It can be a struggle for developers to find the company and employer that’s just right for their needs and wants. Finding an employer these days is more than just looking for the most competitive compensation provider. Especially because of the demanding nature of the job, it’s also important to find the employer who can support and promote work-life balance.
There are ways to help you narrow down your choices and make job seeking easy for you. Here’s a to-do list to help you find the right employer for you.
Send your CV wisely
Avoid this common mistake most job seekers do: don’t send your CV to all the companies you find. Neither should you send to all companies with vacancies, even when they aren’t what you’re looking for. Don’t do it just for the sake of getting employed. This takes time and effort from you, and this might also divert you from the career path that you really want.
Instead, send your CV smartly. Read up on the companies who have posted openings, and research on them to see if they are needing someone like you or the expertise you have. This way, you’re immediately limiting your choices to those you like and prefer to work at.
Make a wish list
Yes, a wish list. For the purpose of this write-up, let’s call it a “Job wish list”.
You can start building this list by identifying the things that matter to you. Are you looking for career advancement? Comprehensive training? Good benefits? Or maybe you want to work having flexible schedule options? Also, is the office location an important factor for you?
You can also look at the company itself while building your job wish list. List down important characteristics. Do you want to work at a starting company or a well-established firm? Are you looking for a laid-back environment or a competitive one? As with the office space, do you prefer a workspace that has more a natural light? Are you looking for an office with a recreation area?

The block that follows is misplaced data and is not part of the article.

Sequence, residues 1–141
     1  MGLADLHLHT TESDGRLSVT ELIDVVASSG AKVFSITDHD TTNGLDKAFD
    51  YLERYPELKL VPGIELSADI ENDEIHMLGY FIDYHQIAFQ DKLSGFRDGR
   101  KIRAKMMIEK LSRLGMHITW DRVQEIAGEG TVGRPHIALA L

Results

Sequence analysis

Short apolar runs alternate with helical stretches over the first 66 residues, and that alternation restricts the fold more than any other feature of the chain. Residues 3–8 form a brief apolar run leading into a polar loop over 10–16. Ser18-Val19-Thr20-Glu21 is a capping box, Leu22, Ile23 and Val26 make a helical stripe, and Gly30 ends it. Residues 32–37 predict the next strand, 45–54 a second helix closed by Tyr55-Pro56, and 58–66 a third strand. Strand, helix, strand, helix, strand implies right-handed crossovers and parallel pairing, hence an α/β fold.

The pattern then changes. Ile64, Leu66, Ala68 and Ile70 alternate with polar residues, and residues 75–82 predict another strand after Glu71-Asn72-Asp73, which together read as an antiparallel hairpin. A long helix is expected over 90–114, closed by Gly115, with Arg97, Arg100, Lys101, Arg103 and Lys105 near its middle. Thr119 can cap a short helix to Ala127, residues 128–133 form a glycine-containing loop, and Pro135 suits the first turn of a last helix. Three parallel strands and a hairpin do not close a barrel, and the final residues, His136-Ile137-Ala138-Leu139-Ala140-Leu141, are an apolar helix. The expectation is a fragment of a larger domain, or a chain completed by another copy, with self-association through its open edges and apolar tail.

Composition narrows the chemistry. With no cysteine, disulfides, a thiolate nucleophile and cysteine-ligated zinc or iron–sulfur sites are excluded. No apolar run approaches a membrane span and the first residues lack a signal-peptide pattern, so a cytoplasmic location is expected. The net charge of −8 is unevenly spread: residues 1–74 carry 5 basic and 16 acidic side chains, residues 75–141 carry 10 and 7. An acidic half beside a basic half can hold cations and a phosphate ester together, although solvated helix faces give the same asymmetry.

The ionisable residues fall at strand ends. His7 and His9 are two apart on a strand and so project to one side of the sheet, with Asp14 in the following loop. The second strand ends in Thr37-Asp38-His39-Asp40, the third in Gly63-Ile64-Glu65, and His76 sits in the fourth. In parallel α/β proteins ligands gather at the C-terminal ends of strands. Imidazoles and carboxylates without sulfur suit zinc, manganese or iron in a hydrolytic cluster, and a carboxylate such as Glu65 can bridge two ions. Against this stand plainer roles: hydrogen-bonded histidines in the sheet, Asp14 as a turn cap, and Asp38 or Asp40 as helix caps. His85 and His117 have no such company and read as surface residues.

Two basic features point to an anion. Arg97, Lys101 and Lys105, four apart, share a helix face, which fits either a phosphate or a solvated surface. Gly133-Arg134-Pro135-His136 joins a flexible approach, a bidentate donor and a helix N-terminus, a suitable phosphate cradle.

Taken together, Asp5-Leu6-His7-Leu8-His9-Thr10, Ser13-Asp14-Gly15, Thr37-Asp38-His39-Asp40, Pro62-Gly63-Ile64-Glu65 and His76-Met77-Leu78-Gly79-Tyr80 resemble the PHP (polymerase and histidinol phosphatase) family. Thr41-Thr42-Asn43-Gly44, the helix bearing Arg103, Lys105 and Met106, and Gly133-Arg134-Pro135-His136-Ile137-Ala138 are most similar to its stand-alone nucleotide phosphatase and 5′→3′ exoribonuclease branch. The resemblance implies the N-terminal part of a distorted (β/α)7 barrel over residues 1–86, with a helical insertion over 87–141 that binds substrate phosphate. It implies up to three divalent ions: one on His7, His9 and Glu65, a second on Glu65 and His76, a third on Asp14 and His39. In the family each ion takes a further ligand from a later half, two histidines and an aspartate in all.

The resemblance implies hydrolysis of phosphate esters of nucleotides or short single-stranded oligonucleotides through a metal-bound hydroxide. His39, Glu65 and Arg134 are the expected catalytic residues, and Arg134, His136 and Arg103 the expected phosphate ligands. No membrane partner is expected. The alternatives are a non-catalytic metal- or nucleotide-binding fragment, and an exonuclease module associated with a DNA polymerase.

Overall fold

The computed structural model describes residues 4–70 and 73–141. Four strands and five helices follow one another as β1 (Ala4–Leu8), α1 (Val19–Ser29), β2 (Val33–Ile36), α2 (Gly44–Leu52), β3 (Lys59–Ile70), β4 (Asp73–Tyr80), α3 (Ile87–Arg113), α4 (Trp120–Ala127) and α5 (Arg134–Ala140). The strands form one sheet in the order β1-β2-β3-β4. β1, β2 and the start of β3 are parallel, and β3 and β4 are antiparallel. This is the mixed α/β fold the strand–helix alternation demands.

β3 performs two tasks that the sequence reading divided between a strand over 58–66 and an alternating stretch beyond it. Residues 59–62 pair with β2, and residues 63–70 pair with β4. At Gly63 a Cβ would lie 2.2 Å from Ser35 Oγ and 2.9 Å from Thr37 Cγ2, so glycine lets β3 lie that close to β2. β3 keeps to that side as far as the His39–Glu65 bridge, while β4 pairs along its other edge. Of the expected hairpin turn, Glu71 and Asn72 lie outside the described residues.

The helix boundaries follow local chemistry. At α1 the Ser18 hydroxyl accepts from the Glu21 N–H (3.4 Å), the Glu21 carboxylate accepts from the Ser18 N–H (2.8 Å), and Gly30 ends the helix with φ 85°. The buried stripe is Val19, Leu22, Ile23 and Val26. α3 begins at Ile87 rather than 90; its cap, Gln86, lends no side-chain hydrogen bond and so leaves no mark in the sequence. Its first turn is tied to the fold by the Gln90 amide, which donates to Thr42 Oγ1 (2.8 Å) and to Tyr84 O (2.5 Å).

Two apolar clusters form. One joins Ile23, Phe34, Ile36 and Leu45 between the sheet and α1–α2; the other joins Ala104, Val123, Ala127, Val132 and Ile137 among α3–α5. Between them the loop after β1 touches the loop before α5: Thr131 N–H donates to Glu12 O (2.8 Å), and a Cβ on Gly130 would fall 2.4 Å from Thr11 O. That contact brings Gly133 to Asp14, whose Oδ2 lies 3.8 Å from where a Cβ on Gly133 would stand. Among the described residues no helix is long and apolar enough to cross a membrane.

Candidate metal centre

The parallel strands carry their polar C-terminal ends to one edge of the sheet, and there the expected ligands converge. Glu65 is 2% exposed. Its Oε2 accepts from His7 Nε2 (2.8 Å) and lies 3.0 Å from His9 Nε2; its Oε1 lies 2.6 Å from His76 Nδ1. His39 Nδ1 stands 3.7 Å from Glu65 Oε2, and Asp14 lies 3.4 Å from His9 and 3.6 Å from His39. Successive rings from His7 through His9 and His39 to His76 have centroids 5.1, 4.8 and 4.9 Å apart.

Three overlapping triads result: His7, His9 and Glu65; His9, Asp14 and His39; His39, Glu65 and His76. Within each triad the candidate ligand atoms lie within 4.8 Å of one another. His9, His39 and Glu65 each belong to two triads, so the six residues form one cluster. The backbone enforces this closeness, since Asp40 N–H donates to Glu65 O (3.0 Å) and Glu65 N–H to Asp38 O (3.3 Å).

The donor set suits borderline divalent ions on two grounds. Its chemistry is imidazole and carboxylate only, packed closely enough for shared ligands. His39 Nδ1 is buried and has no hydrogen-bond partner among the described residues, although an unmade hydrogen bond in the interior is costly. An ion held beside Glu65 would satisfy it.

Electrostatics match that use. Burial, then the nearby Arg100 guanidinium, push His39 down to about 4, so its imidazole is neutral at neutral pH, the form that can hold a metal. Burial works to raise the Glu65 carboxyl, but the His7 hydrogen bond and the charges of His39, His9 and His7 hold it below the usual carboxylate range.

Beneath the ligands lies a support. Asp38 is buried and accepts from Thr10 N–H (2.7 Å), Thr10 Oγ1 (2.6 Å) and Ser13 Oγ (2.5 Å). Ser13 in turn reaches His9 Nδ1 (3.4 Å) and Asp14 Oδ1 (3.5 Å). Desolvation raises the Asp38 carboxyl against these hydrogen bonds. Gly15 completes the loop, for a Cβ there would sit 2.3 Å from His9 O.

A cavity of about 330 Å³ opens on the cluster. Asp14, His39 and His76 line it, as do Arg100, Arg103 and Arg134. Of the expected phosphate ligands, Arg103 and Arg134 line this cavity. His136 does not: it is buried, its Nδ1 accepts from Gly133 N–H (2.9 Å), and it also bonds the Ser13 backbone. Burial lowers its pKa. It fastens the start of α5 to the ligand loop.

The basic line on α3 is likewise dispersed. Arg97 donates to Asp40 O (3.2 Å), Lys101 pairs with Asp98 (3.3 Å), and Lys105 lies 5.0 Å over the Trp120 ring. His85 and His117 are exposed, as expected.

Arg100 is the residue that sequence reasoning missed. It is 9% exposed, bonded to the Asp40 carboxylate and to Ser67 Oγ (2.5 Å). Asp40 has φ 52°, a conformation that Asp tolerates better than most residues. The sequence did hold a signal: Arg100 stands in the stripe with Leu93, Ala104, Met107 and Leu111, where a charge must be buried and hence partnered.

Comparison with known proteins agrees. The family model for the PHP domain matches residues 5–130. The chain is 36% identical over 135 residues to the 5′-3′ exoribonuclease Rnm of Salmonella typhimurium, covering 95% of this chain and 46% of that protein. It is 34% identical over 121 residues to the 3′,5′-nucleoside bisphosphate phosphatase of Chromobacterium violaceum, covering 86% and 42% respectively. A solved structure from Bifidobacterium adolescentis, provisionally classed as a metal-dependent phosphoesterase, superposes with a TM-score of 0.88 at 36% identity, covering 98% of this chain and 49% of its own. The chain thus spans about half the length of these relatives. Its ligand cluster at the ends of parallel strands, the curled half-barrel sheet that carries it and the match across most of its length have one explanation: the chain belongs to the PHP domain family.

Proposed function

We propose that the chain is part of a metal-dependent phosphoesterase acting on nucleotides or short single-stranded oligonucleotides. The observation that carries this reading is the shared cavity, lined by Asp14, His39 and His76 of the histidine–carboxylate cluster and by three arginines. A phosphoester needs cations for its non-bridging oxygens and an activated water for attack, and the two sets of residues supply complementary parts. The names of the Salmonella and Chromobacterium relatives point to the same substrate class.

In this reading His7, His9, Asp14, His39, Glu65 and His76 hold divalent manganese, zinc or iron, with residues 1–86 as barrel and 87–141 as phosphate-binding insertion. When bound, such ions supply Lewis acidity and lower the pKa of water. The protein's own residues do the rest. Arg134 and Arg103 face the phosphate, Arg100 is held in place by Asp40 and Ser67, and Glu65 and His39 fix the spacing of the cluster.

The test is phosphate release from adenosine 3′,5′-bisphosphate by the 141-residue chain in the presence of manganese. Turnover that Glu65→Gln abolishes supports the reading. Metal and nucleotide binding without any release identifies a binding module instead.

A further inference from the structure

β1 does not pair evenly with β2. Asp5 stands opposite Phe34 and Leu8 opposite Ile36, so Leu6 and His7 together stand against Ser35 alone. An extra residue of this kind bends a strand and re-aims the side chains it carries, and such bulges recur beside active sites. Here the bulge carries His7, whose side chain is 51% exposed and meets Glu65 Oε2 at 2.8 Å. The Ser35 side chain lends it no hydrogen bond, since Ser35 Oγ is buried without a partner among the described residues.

Have fun in listing down things you want to include in your wish list, but keep in mind that it’s hard--maybe even impossible—to find a match that provides all the things you listed down. However, lists like these will still be helpful in making your job search easier, as they help you filter out those companies who are unlikely to provide what you’re looking for.
Read up on the company, and the interviewer, if possible
Interviewers are actually interested in applicants who show interest in them and the company.
When contacted for an interview, make sure to start reading up on the company. You can also find the contact person’s name, probably as a signature on the email, and try reading up on the interviewer as well if any information comes up in your search or in LinkedIn. This will not only give you an edge over the other applicants, this also helps you know more about the company and the person interviewing you so you can prepare accordingly.
Come to the interview prepared with questions
As much as possible, don’t answer the question, “Do you have any questions for me?” with a “No.”
This is one is related to Point #3. After reading up on the company and the interviewer, it’s best that you come to the interview prepared not only to answer but also to ask. Just as how the interviewers are asking questions to find the best candidate, you can apply the same idea and ask questions to find the best employer. There has got to be things you want to know about the job, and the interview is your perfect chance to ask whatever you have to ask.
Here are some questions you can probably take to your next interview, as suggested by IT Business Edge:
- How would you define your company values?
- If I’m hired, what would you expect me to have accomplished in a year?
- What’s the greatest challenge your company has faced? How did you overcome it?
- What’s the most essential trait a new team member should possess, and why?
- Why have people left this position voluntarily or involuntarily?